Angolan visas take an entire page in your passport, must be affixed to a right-hand page, and be followed by one blank page.
Airport and road check procedures have been reinforced. Any issue relating to documentation or identification, including visas and vaccination cards, can lead to delays or denial of entry.
If you arrive in Angola without the required visa or pre-approval, you could face arrest and/or deportation. Travellers who overstay their visa are subject to heavy fines and possible arrest.
Learn about potential entry requirements related to yellow fever (vaccines section).
Children and travel
Learn more about travelling with children.
This section contains information on possible health risks and restrictions regularly found or ongoing in the destination. Follow this advice to lower your risk of becoming ill while travelling. Not all risks are listed below.
Consult a health care professional or visit a travel health clinic preferably 6 weeks before you travel to get personalized health advice and recommendations.
Some of these vaccinations include measles-mumps-rubella (MMR), diphtheria, tetanus, pertussis, polio, varicella (chickenpox), influenza and others.
Pre-travel vaccines and medications
You may be at risk for preventable diseases while travelling in this destination. Talk to a travel health professional about which medications or vaccines may be right for you, based on your destination and itinerary.
There is a risk of hepatitis A in this destination. It is a disease of the liver. People can get hepatitis A if they ingest contaminated food or water, eat foods prepared by an infectious person, or if they have close physical contact (such as oral-anal sex) with an infectious person, although casual contact among people does not spread the virus.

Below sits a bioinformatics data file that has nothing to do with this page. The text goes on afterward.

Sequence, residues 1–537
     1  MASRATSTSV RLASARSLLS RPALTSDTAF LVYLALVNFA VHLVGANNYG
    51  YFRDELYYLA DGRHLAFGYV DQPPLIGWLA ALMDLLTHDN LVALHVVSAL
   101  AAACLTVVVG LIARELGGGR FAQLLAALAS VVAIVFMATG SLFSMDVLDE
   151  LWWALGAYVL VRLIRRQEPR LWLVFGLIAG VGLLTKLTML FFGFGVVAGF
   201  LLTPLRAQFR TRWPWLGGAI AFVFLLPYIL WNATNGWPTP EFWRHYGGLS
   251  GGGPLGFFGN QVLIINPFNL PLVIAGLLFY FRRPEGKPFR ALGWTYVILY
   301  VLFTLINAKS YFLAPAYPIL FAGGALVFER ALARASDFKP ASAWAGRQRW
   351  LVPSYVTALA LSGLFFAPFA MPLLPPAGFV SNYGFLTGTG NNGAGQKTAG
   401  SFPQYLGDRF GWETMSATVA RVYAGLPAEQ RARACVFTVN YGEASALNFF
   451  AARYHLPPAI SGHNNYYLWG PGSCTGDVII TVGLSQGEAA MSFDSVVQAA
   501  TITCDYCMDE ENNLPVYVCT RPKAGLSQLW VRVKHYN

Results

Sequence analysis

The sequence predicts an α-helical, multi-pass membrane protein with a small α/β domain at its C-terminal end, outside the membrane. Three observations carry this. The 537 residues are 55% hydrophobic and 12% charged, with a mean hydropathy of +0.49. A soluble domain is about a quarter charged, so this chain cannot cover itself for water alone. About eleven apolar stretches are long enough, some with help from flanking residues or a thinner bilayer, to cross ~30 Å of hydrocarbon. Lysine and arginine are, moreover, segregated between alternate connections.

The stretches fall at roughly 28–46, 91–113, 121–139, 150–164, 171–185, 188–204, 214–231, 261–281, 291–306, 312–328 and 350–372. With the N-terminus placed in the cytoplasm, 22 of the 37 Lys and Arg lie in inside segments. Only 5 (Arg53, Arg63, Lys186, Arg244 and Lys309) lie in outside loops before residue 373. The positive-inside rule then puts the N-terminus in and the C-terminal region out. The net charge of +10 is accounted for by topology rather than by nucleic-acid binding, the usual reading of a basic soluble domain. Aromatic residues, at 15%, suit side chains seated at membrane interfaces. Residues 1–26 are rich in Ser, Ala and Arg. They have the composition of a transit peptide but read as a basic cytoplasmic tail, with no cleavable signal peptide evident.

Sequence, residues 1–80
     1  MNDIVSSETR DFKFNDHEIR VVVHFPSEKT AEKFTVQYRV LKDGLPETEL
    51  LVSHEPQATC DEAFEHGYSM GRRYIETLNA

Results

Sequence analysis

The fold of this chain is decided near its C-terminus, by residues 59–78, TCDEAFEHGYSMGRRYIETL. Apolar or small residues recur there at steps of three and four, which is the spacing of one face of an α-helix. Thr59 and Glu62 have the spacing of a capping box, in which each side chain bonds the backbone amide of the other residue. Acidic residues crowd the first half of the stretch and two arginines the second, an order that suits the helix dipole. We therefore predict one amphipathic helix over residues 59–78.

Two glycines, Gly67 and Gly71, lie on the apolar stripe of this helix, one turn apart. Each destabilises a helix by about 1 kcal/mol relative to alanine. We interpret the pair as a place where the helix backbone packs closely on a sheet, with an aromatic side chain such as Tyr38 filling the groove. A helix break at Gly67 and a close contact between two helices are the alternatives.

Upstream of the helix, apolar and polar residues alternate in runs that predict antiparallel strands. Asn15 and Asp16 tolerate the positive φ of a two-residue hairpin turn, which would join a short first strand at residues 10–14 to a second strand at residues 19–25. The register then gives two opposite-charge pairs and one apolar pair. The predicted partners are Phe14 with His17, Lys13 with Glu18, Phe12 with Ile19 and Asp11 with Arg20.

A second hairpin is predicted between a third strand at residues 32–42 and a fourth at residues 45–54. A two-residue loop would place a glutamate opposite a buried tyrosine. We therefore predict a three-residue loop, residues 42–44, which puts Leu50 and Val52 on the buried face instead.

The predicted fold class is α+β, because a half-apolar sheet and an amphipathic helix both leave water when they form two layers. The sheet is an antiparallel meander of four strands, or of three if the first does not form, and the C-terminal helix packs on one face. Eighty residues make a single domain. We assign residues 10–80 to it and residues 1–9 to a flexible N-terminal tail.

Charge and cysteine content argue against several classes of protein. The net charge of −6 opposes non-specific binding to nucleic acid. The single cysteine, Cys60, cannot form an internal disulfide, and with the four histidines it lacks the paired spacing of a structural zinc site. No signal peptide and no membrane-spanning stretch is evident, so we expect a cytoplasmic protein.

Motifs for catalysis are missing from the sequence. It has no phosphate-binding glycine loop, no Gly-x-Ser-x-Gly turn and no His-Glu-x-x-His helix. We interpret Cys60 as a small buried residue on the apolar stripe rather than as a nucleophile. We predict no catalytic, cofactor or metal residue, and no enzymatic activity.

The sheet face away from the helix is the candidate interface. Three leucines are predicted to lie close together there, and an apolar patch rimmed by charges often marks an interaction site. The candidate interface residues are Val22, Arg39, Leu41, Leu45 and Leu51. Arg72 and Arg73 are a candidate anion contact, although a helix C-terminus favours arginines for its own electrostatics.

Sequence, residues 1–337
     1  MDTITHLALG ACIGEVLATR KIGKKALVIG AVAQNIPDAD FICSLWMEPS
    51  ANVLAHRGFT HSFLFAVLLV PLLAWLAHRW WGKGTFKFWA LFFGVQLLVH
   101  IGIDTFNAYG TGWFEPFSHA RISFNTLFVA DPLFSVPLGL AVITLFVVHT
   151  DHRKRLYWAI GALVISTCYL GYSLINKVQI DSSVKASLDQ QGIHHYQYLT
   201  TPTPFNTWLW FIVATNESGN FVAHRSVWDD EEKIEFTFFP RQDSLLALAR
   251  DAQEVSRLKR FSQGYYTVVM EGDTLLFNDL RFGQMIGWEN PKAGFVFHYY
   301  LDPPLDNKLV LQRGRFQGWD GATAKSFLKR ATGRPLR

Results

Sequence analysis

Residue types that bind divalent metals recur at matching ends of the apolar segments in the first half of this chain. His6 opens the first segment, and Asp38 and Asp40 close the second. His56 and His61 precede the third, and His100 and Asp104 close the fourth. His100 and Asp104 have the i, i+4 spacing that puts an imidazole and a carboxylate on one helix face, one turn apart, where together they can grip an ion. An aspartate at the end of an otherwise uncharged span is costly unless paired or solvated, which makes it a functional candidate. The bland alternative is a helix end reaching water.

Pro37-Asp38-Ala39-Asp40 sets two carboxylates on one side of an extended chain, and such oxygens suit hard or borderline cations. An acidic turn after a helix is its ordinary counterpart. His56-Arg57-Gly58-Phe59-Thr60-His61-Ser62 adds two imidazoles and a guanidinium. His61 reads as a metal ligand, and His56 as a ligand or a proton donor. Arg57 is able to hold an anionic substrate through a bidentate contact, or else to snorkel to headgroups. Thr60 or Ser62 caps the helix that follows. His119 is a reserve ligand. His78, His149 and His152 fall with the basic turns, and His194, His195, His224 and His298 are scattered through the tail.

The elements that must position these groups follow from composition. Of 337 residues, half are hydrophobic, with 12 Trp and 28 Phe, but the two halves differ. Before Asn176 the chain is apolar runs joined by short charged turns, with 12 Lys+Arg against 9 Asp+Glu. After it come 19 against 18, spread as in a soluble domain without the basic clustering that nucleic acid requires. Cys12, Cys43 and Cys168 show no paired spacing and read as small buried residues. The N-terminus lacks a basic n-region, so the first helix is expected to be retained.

Practise safe food and water precautions and wash your hands often. Vaccination is recommended for all travellers to areas where hepatitis A is present.
Yellow Fever - Country Entry Requirements
Yellow fever is a disease caused by a flavivirus from the bite of an infected mosquito.
Travellers get vaccinated either because it is required to enter a country or because it is recommended for their protection.
- There is a risk of yellow fever in this country.
Country Entry Requirement*
- Proof of yellow fever vaccination for travellers from all countries.
- Vaccination is recommended.
- Contact a designated Yellow Fever Vaccination Centre well in advance of their trip to arrange for vaccination.
- Discuss travel plans, activities, and destinations with a health care professional.
- Protect yourself from mosquito bites.
Yellow Fever Vaccination Centres in Canada
* It is important to note that country entry requirements may not reflect your risk of yellow fever at your destination. It is recommended that you contact the nearest diplomatic or consular office of the destination(s) you will be visiting to verify any additional entry requirements.
Hepatitis B is a risk in every destination. It is a viral liver disease that is easily transmitted from one person to another through exposure to blood and body fluids containing the hepatitis B virus. Travellers who may be exposed to blood or other bodily fluids (e.g., through sexual contact, medical treatment, sharing needles, tattooing, acupuncture or occupational exposure) are at higher risk of getting hepatitis B.
Hepatitis B vaccination is recommended for all travellers. Prevent hepatitis B infection by practicing safe sex, only using new and sterile drug equipment, and only getting tattoos and piercings in settings that follow public health regulations and standards.
Measles is a highly contagious viral disease. It can spread quickly from person to person by direct contact and through droplets in the air.
Anyone who is not protected against measles is at risk of being infected with it when travelling internationally.
Regardless of where you are going, talk to a health care professional before travelling to make sure you are fully protected against measles.
Coronavirus disease (COVID-19) is an infectious viral disease. It can spread from person to person by direct contact and through droplets in the air.